Yep i would think the same, i just dont want to hijack your thread (without permission) about a laser and talk about tec specific stuff.
I think this will be a long post.
Lets start at the basics on how to use a tec (you did most of that right but others might need a bit of help):
Thermal stuff works the same as electrical stuff, there are resistances (thermal resistance), current (heat flow) and voltage (temperature differential). If you have basic understanding of electronics, thermal stuff is easy.
Tecs are very fragile, they break easily because there base material is a ceramic substrate. Make sure to have both surfaces that connect to it flat without big milling marks. Ra should be below 1,6.
Use a thermal interface material. Small voids from surface irregularities would lead to the tec
The Tec needs to have good contact on its whole surface. The Tec base material is a good conductor but if the Tec isnt contacted on the whole surface you get parts that dont contribute to the heat pumping action which lowers the performance.
Keep thermal shorts as high resistance as possible. The tec needs to be mounted in some way. This most of the time means clamping (using bolts) it between surfaces. Doing that will create a bridge between hot and cold side with a defined thermal resistance. The resistance is responsible for how much energy is flowing from hot to cold. Having long bolts with low thermal conductivity and insulation washers is key to keeping that resistance high. So stainless steel bolts and plastic insulation washers.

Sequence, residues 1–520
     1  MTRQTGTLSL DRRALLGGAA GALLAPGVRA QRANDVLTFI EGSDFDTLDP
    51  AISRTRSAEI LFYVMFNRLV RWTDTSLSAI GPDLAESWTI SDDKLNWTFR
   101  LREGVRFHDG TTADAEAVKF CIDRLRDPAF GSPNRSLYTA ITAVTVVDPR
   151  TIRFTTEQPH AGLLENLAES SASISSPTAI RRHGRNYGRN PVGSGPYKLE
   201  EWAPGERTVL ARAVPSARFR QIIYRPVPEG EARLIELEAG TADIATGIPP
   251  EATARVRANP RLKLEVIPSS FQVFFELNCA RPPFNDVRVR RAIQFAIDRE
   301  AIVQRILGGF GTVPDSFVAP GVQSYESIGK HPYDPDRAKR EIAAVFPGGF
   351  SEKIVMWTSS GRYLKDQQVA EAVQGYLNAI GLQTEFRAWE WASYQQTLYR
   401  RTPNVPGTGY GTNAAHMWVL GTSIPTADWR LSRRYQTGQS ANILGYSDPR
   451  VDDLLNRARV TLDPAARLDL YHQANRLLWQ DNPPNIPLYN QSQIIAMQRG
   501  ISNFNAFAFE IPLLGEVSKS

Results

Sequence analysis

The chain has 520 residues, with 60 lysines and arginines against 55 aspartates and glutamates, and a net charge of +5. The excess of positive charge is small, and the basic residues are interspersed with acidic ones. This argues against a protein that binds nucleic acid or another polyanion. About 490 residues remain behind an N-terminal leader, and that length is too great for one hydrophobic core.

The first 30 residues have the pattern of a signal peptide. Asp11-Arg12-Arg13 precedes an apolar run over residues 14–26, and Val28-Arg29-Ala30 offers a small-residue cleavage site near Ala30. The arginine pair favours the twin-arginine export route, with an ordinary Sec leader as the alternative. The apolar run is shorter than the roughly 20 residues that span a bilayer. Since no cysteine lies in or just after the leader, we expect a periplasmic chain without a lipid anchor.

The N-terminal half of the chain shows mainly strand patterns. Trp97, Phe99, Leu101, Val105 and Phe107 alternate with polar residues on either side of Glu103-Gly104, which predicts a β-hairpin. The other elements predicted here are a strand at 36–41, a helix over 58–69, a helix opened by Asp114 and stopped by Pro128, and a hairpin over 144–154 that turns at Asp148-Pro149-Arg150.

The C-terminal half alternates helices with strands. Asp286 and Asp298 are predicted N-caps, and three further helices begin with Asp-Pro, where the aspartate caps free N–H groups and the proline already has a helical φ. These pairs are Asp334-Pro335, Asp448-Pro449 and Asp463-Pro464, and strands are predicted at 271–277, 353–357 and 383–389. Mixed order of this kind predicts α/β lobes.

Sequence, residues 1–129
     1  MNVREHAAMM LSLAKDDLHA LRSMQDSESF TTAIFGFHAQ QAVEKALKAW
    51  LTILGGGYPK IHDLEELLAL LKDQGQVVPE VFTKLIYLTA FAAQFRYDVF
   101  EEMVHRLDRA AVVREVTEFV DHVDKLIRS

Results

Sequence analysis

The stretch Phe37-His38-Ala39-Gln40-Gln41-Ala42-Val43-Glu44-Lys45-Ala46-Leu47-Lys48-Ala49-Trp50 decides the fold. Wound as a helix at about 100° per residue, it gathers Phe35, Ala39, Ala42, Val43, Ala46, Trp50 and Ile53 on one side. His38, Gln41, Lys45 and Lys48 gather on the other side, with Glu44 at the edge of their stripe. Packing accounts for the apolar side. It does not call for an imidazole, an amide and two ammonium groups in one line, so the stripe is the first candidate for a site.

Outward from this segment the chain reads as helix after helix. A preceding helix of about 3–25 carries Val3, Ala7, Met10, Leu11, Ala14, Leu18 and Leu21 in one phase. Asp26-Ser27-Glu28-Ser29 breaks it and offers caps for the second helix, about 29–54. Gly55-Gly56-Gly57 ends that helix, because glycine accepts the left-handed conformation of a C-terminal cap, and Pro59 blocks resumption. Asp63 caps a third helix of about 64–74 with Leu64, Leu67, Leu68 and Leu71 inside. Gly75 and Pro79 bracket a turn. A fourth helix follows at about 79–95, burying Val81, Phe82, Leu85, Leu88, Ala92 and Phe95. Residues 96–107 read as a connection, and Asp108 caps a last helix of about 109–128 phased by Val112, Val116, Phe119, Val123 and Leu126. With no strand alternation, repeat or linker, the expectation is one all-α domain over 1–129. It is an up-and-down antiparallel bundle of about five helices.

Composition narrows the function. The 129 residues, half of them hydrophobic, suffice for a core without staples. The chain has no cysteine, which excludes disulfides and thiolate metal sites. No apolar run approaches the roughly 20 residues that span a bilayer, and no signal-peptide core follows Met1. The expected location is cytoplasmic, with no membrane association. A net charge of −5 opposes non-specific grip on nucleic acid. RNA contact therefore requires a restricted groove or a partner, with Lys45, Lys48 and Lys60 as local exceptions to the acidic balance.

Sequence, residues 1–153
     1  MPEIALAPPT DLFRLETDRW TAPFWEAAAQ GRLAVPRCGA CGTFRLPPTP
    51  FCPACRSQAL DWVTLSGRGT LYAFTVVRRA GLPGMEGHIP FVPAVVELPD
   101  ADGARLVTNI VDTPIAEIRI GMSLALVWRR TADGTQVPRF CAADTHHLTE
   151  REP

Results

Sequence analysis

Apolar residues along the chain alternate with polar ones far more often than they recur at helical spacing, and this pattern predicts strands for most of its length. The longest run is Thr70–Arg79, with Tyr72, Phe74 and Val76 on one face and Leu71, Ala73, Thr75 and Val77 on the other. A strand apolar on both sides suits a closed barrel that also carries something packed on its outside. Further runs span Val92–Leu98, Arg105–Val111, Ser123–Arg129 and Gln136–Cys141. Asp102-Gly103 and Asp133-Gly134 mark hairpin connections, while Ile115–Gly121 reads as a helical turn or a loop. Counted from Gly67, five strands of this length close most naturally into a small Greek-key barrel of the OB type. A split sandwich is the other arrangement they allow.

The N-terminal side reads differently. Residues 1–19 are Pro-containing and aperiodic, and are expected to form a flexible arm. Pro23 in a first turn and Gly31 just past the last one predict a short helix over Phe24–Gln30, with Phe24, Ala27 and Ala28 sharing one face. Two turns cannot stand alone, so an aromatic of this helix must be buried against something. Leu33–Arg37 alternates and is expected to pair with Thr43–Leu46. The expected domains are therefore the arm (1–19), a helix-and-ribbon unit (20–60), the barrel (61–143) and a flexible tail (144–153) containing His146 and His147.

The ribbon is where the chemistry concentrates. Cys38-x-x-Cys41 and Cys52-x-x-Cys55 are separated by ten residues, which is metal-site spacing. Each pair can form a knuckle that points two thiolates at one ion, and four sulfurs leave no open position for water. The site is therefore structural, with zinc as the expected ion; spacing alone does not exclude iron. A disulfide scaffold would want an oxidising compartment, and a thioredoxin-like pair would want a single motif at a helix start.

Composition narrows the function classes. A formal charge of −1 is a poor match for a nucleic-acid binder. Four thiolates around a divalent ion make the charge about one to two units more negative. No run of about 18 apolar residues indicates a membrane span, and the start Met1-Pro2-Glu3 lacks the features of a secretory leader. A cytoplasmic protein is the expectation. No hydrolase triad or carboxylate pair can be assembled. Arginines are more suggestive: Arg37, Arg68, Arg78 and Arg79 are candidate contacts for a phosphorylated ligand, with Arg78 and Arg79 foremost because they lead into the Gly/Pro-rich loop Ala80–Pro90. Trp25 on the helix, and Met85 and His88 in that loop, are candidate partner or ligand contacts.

A Tecs is more efficient if its temperature differential is low and its overall temperature is high.
Getting 10K differential from -80°C to -90°C needs way more power than getting the 10K from 60°C to 50°C.
Keep that in mind while looking at the graphs on your tec data sheet. Most of them have curves for 50°C hot side temperature and for 27°C hot side temperature.
Your calculation for the dissipated power of the diode is perfectly correct. However as we are doing a “back of the napkin” / “ballpark” calculation, i would rather be a little pessimistic than optimistic.
I would take the full 30A*1,7V = 51W instead of subtracting the optical power. You all ready said it: the crystal thats cooled will also absorb some of the optical power and convert it to heat.
You also got additional heat that needs to be pumped because your mounting hardware is essentially a “thermal short” (similar to an electric short) because it connects the hot and cold side of the tec together.
Some amount of power also gets into the cold side because of convection and conduction of the surrounding (hot) ambient air.
Its hard to estimate how much these factors play a role, so i would just go all in and have too much tec power that too little.
So our first fixed value is: we need to pump around 50W
A tec essentially just creates a temperature difference across both surfaces. This difference depends on current and heat load (=pumped thermal power).
So to estimate current usage and choose the tec, we need to know the ambient conditions and the temperature we want to keep our load at.